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Wimbledon relaxes all-white kit rule for female players after fresh criticism from Billie Jean King and Judy Murray

Wimbledon banned players from wearing non-white underwear in 2014 as part of its clothing policy. The all-white policy has been criticised by the likes of Billie Jean King and Judy Murray, saying it can cause "fear" in players on their period.

Elena Rybakina hits a return to Ons Jabeur
Image: Elena Rybakina won her first Grand Slam during Wimbledon this year

Wimbledon has relaxed its all-white clothing rules to allow female competitors to wear dark undershorts and relieve a potential source of anxiety when they have their periods, the All England Club have said.

Wimbledon have traditionally banned all players from wearing coloured underwear since 2014 as part of their all-white policy.

However, after fresh criticism from Billie Jean King and Judy Murray, the rules have been changed to allow female players to wear dark-coloured undershorts.

Sally Bolton, Chief Executive of the All England Club, said: "We are committed to supporting the players and listening to their feedback as to how they can perform at their best.

"From next year, women and girls competing at The Championships will have the option of wearing coloured under shorts if they choose. It is our hope that this rule adjustment will help players focus purely on their performance by relieving a potential source of anxiety."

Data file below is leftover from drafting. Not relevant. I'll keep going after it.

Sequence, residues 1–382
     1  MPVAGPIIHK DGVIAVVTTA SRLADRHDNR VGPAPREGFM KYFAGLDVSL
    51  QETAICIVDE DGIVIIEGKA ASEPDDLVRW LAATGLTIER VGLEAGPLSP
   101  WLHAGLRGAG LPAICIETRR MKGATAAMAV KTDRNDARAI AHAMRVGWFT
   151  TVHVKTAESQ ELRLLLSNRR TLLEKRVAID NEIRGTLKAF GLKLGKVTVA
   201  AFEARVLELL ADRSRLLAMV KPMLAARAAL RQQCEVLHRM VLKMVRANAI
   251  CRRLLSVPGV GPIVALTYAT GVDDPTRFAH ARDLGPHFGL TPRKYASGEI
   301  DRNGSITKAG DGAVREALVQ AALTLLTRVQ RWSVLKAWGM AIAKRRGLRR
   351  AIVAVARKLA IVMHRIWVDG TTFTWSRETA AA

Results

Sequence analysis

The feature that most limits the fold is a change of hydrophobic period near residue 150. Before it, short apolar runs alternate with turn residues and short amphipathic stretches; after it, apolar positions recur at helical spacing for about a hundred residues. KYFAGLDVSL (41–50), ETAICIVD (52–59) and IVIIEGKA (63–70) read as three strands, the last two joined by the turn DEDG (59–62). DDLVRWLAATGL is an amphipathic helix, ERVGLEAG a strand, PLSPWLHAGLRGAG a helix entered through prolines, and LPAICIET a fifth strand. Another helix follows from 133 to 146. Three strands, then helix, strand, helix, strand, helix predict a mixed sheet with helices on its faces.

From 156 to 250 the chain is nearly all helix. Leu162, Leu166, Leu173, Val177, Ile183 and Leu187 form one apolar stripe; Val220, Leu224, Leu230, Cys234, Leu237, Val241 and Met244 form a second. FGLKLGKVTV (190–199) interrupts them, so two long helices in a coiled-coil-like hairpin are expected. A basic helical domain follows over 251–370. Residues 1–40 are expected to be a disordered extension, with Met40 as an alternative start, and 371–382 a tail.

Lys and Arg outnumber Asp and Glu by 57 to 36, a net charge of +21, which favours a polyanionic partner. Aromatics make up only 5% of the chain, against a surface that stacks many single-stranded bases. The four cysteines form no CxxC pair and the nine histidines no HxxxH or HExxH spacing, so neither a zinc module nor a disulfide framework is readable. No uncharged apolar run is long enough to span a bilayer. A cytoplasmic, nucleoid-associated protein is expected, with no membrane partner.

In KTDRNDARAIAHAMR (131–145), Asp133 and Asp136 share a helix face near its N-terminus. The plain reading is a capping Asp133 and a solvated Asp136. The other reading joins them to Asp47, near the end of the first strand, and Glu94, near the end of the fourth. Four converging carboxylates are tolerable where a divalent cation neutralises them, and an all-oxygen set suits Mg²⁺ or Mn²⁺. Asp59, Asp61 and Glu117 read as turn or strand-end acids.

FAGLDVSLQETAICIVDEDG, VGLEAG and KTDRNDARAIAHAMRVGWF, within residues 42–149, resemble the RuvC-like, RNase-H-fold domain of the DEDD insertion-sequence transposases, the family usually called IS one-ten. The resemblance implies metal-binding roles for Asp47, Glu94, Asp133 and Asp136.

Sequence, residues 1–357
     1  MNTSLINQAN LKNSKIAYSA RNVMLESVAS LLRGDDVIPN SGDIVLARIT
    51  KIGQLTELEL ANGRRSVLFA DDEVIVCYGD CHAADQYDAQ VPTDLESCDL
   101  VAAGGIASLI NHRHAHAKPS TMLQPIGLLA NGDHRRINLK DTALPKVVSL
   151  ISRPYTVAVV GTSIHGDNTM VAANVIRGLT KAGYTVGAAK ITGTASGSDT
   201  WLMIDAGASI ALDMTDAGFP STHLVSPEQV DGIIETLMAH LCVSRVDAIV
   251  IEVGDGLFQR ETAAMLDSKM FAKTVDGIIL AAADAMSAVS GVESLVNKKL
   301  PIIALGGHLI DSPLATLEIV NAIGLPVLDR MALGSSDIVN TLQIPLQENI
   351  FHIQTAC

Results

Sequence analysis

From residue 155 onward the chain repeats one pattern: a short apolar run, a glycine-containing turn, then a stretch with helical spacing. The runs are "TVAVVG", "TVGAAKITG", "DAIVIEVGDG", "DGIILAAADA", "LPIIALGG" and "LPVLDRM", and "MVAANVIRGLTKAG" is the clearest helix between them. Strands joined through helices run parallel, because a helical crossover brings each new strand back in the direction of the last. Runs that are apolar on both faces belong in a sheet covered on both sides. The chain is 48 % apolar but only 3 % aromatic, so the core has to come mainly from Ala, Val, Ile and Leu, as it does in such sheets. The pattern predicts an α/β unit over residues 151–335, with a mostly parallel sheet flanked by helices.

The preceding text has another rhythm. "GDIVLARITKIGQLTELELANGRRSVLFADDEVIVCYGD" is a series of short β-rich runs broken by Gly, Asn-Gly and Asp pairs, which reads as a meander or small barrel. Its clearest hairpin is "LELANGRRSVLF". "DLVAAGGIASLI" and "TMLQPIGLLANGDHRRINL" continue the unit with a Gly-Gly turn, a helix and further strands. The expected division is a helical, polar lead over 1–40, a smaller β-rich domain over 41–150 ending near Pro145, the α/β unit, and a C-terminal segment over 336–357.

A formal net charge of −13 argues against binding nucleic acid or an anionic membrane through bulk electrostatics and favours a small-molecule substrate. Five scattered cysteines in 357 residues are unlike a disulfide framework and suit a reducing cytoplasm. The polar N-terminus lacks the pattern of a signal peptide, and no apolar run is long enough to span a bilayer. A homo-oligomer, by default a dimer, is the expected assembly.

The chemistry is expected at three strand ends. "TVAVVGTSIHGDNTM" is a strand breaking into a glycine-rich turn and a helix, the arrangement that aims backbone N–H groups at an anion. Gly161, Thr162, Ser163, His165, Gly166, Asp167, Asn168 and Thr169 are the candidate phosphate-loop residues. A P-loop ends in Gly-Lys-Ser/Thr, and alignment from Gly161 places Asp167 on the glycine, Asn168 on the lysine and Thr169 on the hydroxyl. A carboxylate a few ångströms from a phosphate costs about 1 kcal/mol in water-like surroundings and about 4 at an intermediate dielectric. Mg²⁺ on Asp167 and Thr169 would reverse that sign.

All-white rule can lead to 'fear'

Six-time Wimbledon singles champion Jean King had previously led calls for the All England Club to relax rules and follow changes brought by other sports, including women's football teams changing shorts from white to darker colours.

Speaking to CNN, Jean King said: "My generation, we always worried because we wore all-white all the time. And it's what you wear underneath that's important for your menstrual period. And we're always checking whether we're showing.

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"You get tense about it because the first thing we are is entertainers, and you want whatever you wear to look immaculate, look great. We're entertainers. We're bringing it to the people.

"You feel like you can breathe and not have to check on everything every minute when you sit down and change sides. So at least it's been brought to the forefront, which I think is important to have discussion."

Murray back calls for a rule change, adding the all-white rule can lead to "fear" for players on their period.

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